BY KRISTIN CELESTE SHROEGER
---- — Most home cooks have not had the pleasure of working with locally grown heirloom beans fresh from the pods. There are thousands of varieties of heirloom beans and each has its own distinct taste and texture.
Fresh shelled heirloom beans generally cost less than other local protein sources and are a substantial source of fiber, vitamins and minerals. Heirloom beans truly are a super food.
When at the farmers market, look for bean pods that look fresh, are plump and have no blemishes. You should be able to feel the beans inside the pods. Store fresh bean pods in the refrigerator and use them within a few days. Or you can freeze them on a cookie sheet in a single layer for later use.
Fresh shelled heirloom beans do not need to be soaked like dry beans do before they are simmered. Remember not to add salt during the cooking process as this may toughen the beans.
Farmer Bryan Black of Platte River Gardens in Interlochen grows a wide variety of heirloom beans using sustainable growing practices.
“We focus on heirloom bean varieties which have a natural insect and disease resistance,” Black said. “We select heirloom varieties that look promising. However more importantly, we carefully note consumer reaction to them at markets. The Dragon Tongue variety is a pleasing discovery, customers find the taste and color to be truly outstanding.”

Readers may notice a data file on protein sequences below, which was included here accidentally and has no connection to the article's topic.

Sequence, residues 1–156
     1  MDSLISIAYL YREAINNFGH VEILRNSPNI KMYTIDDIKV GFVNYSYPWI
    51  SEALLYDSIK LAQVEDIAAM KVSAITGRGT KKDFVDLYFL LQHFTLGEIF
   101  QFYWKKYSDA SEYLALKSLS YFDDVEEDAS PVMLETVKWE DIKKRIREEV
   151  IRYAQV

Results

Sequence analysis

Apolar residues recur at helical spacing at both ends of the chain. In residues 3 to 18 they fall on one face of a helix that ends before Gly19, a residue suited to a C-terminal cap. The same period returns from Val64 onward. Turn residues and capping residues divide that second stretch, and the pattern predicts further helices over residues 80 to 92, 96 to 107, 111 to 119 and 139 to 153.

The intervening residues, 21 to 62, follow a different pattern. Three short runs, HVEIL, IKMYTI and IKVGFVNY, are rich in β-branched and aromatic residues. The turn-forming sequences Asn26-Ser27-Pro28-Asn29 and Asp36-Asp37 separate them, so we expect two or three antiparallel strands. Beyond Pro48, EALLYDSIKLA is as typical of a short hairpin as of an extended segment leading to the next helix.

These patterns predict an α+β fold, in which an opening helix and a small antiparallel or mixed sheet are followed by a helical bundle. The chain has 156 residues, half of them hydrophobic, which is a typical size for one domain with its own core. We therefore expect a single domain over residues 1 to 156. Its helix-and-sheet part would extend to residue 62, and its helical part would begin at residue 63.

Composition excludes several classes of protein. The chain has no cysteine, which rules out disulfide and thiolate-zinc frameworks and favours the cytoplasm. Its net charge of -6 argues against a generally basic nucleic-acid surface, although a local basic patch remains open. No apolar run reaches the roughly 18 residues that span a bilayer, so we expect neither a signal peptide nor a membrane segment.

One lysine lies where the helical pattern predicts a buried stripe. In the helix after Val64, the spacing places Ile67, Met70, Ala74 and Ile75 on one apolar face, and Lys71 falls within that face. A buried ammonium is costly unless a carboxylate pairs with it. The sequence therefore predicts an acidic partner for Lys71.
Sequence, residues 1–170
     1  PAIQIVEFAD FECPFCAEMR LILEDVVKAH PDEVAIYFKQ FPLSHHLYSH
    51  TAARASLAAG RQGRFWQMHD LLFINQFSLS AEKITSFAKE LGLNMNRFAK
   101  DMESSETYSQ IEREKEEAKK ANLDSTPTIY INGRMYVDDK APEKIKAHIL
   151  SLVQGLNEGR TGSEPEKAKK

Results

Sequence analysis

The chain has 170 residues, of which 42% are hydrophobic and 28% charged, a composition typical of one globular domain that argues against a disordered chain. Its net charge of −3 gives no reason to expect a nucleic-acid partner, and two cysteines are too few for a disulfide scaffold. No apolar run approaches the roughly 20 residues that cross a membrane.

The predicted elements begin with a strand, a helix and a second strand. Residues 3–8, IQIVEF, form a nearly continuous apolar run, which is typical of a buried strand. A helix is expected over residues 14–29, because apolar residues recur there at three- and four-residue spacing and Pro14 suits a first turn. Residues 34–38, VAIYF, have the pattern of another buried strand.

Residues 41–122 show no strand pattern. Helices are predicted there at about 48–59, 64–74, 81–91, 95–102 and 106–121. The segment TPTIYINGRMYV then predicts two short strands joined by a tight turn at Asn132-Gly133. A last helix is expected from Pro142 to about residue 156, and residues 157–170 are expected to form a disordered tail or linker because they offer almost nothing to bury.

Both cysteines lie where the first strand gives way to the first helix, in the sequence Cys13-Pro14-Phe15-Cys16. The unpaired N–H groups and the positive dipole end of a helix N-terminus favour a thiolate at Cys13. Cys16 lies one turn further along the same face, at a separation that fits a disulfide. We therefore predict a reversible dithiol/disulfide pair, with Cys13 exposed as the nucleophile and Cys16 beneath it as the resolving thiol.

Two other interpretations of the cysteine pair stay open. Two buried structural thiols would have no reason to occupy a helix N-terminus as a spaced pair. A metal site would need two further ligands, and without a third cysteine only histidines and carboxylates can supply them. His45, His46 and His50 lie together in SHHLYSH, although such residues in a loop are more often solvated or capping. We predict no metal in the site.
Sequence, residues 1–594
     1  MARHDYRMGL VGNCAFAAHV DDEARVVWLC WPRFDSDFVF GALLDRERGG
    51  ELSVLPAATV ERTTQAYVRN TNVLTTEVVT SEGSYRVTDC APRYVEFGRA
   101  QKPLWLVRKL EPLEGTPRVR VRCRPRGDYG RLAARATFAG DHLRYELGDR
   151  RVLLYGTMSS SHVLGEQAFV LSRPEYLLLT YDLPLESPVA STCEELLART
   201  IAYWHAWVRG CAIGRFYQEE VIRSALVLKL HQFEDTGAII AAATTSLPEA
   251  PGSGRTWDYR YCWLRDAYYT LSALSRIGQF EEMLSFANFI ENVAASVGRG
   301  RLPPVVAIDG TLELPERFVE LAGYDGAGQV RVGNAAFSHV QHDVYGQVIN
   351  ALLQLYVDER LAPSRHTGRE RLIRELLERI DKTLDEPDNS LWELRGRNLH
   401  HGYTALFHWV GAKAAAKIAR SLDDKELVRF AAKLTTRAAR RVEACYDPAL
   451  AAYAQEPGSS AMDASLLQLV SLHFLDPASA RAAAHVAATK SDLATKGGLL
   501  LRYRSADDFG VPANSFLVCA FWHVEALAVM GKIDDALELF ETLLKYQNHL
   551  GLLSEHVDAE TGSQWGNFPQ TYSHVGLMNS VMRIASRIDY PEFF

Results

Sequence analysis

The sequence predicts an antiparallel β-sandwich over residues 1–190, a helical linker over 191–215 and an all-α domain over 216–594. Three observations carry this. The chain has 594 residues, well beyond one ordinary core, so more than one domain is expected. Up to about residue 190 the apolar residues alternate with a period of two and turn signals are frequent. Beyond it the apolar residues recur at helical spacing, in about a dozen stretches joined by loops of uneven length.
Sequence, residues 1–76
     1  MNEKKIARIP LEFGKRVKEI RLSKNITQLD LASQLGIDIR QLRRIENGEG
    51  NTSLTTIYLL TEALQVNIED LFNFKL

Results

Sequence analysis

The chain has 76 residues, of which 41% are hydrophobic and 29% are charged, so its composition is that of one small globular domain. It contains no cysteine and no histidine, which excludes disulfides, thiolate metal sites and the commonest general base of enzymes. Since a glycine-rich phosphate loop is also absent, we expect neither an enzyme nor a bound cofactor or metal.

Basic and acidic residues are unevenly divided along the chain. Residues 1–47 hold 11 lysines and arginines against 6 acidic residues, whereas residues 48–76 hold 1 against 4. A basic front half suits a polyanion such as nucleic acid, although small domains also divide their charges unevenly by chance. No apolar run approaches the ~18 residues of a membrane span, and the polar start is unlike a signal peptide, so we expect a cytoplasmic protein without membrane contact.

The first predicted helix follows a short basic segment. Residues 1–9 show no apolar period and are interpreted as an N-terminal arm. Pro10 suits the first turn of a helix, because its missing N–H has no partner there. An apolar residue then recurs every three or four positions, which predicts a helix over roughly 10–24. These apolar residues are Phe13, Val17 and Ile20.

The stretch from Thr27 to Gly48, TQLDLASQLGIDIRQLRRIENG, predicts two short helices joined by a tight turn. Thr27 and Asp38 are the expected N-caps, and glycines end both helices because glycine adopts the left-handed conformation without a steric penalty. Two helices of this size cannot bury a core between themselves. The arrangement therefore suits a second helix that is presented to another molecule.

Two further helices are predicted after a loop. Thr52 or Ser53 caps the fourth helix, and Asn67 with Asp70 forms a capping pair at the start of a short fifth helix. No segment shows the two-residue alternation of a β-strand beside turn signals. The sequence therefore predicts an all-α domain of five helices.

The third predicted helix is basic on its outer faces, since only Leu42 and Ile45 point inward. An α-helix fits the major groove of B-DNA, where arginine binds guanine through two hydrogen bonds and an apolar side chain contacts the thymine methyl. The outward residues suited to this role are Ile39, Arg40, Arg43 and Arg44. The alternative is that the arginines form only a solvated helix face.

Radish, Pea Shoot and Heirloom Bean Salad
Platte River Gardens coco rubio heirloom beans
9 Bean Rows Farm green onion
Food for Thought olive oil
Black Star Farms verjus
Food for Thought wild star thistle honey
9 Bean Rows Farm radishes
Spring Hollow Farm pea shoots
Hull, wash one cup coco rubio heirloom beans and add beans to a medium metal soup pot with enough water to just cover the beans. Slice one half cup green onion whites and add to soup pot. Cover soup pot, bring beans to a boil, then reduce heat and simmer beans covered for 45 minutes.
In a small glass jar, whisk together four tablespoons olive oil, two tablespoons verjus, one teaspoon honey and season to taste with sea salt and ground pepper. Taste beans for doneness, skim beans from soup pot, rinse beans and add beans to the dressing and let beans marinade for five minutes.
Thinly slice one cup radishes. Wash and dry two cups pea shoots. Slice one half cup green onion whites and greens, separating the individual sliced green onions whites into rings.
Per salad, plate one half cup radish slices with one cup pea shoots and one-two tablespoons green onions. Sprinkle salad with one half cup marinated beans, drizzle with one tablespoon dressing and a sprinkle of sea salt and ground pepper.
Kristin Celeste Shroeger of Traverse City is the food writer, recipe creator, photographer and dishwasher of The Intentional Minimalist, a website encouraging farm-to-table cooking with local, seasonal and sustainable produce. Visit www.theintentionalminimalist.com.